Modern skyscrapers are typically made from concrete and steel, but as architect Michael Charters suggests, wood could be a viable construction material for tall buildings that would have a lower environmental impact. Charters recently designed ‘Big Wood,’ a prototype for a large-scale skyscraper made from wood for the 2013 eVolo Skyscraper Competition. The sprawling mixed-use complex would serve as a sustainable alternative to standard building materials, which are expensive and require a great deal of energy to produce.

Big Wood skyscraper, timber skyscraper, wood skyscraper, eVolo skyscraper competition, Michael Charters

The construction industry accounts for about 39 percent of all man-made carbon emissions—a figure that would be greatly reduced if more buildings, big and small, were made from timber. As we learned in high school science class, trees have the ability to capture and sequester carbon, and they continue to store carbon when used as a building material. Recent studies have demonstrated that it is possible to build 20- to 30-story structures from timber, writes Charters, and hybrid systems would enable builders to build even taller buildings.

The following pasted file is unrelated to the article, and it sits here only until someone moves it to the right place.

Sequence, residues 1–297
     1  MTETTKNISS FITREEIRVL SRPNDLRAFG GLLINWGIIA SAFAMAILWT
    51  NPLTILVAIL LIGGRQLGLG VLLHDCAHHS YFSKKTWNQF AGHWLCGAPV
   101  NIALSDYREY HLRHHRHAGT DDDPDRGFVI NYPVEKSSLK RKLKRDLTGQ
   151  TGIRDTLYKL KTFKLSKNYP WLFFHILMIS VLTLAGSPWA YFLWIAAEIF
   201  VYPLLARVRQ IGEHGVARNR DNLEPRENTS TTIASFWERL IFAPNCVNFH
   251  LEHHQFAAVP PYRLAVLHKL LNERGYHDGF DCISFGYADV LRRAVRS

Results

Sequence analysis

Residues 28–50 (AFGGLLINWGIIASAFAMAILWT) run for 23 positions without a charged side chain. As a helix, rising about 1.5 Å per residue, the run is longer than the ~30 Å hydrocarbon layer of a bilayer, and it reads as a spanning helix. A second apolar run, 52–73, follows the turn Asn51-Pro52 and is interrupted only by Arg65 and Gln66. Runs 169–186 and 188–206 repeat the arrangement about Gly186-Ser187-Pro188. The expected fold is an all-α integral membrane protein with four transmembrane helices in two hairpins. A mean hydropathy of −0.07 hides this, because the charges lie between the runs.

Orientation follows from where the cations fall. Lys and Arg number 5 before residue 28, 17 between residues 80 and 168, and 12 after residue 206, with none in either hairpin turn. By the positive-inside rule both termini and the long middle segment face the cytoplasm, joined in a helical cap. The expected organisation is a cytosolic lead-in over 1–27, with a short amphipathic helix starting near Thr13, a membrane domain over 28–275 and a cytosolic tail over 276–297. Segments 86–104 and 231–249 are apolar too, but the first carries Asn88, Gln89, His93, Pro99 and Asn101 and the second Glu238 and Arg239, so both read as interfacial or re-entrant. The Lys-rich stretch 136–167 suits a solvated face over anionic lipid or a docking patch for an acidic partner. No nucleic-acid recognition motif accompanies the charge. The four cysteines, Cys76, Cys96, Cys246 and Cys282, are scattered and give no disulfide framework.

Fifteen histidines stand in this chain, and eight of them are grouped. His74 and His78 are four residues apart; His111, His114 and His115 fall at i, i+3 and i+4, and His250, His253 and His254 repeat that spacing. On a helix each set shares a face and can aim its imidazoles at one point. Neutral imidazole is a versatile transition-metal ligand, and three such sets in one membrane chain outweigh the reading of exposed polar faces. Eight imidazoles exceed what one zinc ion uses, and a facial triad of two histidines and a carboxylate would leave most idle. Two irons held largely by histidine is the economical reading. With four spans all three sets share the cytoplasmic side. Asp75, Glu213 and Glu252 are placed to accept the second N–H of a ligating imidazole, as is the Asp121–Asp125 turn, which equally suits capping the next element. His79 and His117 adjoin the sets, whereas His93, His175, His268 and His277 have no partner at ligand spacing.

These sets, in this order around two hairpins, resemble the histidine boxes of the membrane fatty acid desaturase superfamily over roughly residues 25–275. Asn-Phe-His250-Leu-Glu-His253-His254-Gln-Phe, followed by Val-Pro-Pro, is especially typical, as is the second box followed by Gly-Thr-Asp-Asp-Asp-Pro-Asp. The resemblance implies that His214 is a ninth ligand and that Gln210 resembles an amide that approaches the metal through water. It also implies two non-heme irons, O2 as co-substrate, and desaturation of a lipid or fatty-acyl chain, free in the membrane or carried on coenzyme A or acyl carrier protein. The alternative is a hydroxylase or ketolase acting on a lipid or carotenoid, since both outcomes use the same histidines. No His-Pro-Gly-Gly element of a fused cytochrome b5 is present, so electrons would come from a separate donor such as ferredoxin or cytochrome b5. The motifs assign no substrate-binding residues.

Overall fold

Charters’ ‘Big Wood’ concept is a prototype for a large mixed-use university complex that would be located along the Chicago River in Chicago‘s South Loop. The mixed-use development would contain a mix of housing, retail, a library, and a community park. “Known as the birthplace of the skyscraper, Chicago is an optimal location for a prototype in mass timber construction,” writes Charters. “Similar to the rapid innovation in building technology that occurred in the early 1900s, ‘Big Wood’ is positioned to be a catalyst for a new renaissance in high-rise construction, changing forever the shape of our cities.”

+ 2013 eVolo Skyscraper Competition